This brings me to WBUR’s coverage of UP Academy Holland. The WBUR stories focus on one issue: behavior management and support practices at the school. As the receiver of the school, UP Education Network provides support, guidance, and various checks and balances to ensure that we are following important and complex state guidelines and protocols at all times. Our suspension numbers during UP Academy Holland’s first year in operation were high. Year one of turnaround is marked by many challenges: students are adjusting to new expectations and teachers are working around-the-clock to get to know students and understand their needs. We do not hide behind excuses – we should have focused more quickly on finding better support strategies, especially for our youngest scholars, to manage situations that posed a safety risk to students and to staff in the building. We learn from our work on a daily basis. In that regard, we made the decision to no longer issue suspensions to kindergarten students. This is something that few other schools in the state have done, and it will be a practice through which I’m sure we can all learn. As we look ahead, we realize that this new model is an opportunity for us to work harder and smarter to ensure that all our students and our staff are safe at all times.
At the same time, we deeply believe that every family and every student should know and feel that our schools can support their needs. Our schools are committed to doing whatever it takes to work with families in a spirit of true partnership. This is what we’ve always done and what we will always continue to do.
The WBUR stories also fail to capture the truly remarkable progress taking place at the school and the feeling of joy and pride that permeate the UP Academy Holland team, staff, and students alike. The WBUR reporter witnessed our incredible morning motivation at the school, which is a time for students to come together as a community to celebrate successes and get inspired for the day. On the morning he visited, the students were kicking off Women’s History Month by learning about First Lady Michelle Obama. It was a magical moment that was not highlighted in any way. The story also did not showcase that the school managed to keep more students throughout last school year than the John P. Holland Elementary School had prior to becoming UP Academy Holland. In fact, school year attrition declined by almost 70%. This tells us that families believe in the work that we are doing, and they believe in the amazing successes that they are seeing for their students. The story also failed to describe how prior to restart in 2014, only 5% and 16% of John P. Holland 4th graders could read or do math at grade level or higher. After just one year of restart, these same students, as 5th graders at UP Academy Holland, reached proficiency rates of 42% and 34% in ELA and Math respectively. While we still have a lot of work to do to ensure that all students are reading and doing math at grade level, the growth that these students have shown in a short period of time is remarkable.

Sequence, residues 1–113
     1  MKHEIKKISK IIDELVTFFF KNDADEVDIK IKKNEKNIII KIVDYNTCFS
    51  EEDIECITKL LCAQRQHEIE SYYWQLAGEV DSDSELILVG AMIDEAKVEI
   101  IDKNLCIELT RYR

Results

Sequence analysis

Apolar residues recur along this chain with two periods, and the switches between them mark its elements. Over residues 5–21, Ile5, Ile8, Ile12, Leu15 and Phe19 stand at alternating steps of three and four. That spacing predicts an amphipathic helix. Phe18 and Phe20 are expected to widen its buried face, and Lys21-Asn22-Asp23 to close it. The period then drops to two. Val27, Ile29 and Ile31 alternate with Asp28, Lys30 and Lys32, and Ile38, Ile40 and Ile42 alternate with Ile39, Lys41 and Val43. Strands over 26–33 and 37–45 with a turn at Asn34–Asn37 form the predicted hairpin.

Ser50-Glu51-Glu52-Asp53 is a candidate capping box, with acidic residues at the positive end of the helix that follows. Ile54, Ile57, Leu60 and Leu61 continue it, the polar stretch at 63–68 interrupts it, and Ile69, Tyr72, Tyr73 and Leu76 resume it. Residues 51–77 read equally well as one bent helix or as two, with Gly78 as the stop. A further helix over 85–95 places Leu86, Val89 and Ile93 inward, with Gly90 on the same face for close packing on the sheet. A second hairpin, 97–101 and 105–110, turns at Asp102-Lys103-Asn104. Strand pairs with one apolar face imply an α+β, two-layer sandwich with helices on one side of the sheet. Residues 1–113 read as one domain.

After one year of turnaround work, when evidence of progress is strong, we are being highlighted only for falling short on something we acknowledge is a challenge. We take this critique to heart and are committed to continually improving. But we are also proud of and must celebrate the strides our students have made in the short time that we’ve been able to work with them. They prove to us that they’ve always been able to achieve at extraordinary high levels — they just haven’t been given the opportunity or the supports to do so. 
I would like to conclude by spotlighting and commending UP Academy Holland’s Principal, Jabari Peddie, who lent his voice to this morning’s WBUR story, for his extraordinary and unflagging leadership at the school. He is surrounded by a team of similarly outstanding educators that do seemingly impossible things with a great degree of humility and self-sacrifice. We are very proud of what they do every day in partnership with the amazing UP Academy Holland students and families we are honored to serve. We can’t wait to see the successes our students will achieve next.

Scott Given